7. Tracy L. Regan & Ronald L. Oaxaca & Galen Burghardt, 2007. "A Human Capital Model Of The Effects Of Ability And Family Background On Optimal Schooling Levels," Economic Inquiry, Western Economic Association International, vol. 45(4), pages 721-738, October.
    8. Jhon James Mora, 2003. "Sheepskin effects and screening in Colombia," Colombian Economic Journal, Universidad Nacional de Colombia -FCE - CID, April.
      • Jhon James Mora, 2003. "Sheepskin effects and screening in Colombia," Colombian Economic Journal, Academia Colombiana de Ciencias Economicas, Colegio Mayor de Nuestra Senora del Rosario, Pontificia Universidad Javeriana, Universidad de Antioquia, Universidad de los Andes, Universidad del Valle, Universidad Externado de Colombia, Universidad Nacional de Colombia, vol. 1(1), pages 95-108, December.
    9. Kun Andras Istvan, 2014. "The Sheepskin Effect In The Hungarian Labour Market 2010-2012: Analysis Of Data From The Hungarian Graduate Tracking System," Annals of Faculty of Economics, University of Oradea, Faculty of Economics, vol. 1(1), pages 492-499, July.
    10. Christer Thrane, 2010. "Education and Earnings in the Tourism Industry – the Role of Sheepskin Effects," Tourism Economics, , vol. 16(3), pages 549-563, September.
    11. Ithai Stern & Sharon D. James, 2016. "Whom are you promoting? Positive voluntary public disclosures and executive turnover," Strategic Management Journal, Wiley Blackwell, vol. 37(7), pages 1413-1430, July.
    12. Nicolas Hérault & Rezida Zakirova, 2011. "Sheepskin Effects in the Returns to Education: Accounting for Enrolment and Completion Effects," Melbourne Institute Working Paper Series wp2011n04, Melbourne Institute of Applied Economic and Social Research, The University of Melbourne.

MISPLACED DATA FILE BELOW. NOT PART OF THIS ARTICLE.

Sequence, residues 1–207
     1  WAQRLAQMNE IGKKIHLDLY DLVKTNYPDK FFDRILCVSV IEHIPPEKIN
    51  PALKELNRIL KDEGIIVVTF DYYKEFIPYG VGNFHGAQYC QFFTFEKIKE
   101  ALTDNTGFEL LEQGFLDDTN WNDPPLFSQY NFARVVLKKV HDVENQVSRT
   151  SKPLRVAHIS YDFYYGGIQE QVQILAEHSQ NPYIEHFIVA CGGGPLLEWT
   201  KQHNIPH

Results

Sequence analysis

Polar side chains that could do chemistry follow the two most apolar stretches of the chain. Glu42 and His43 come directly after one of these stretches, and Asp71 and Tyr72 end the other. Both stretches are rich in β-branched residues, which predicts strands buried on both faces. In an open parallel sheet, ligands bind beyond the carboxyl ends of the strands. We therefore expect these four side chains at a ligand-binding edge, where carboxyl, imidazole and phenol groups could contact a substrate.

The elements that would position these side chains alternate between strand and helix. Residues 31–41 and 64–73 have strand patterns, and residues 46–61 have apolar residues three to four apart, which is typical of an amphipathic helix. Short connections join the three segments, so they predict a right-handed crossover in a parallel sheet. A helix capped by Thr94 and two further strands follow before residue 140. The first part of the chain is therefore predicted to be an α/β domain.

13. Alfonso Flores-Lagunes & Audrey Light, 2010. "Interpreting Degree Effects in the Returns to Education," Journal of Human Resources, University of Wisconsin Press, vol. 45(2).
    14. Alfonso Flores-Lagunes & Audrey Light, "undated". "Interpreting Sheepskin Effects in the Returns to Education," Working Papers 22, Princeton University, School of Public and International Affairs, Education Research Section..
    15. Empar Pons & Juan Blanco, 2005. "Sheepskin Effects in the Spanish Labour Market: A Public-Private Sector Analysis," Education Economics, Taylor & Francis Journals, vol. 13(3), pages 331-347.
    16. Dougherty, Christopher, 2003. "Numeracy, literacy and earnings: evidence from the National Longitudinal Survey of Youth," Economics of Education Review, Elsevier, vol. 22(5), pages 511-521, October.
    17. Nicolas H�rault & Rezida Zakirova, 2015. "Returns to education: accounting for enrolment and completion effects," Education Economics, Taylor & Francis Journals, vol. 23(1), pages 84-100, February.
    18. Antelius, Jesper, 2000. "Sheepskin Effects in the Returns to Education: Evidence on Swedish Data," Working Paper Series 158, Trade Union Institute for Economic Research.
    19. Regan, Tracy L. & Burghardt, Galen & Oaxaca, Ronald L., 2006. "A Human Capital Model of the Effects of Abilities and Family Background on Optimal Schooling Levels," IZA Discussion Papers 1927, Institute of Labor Economics (IZA).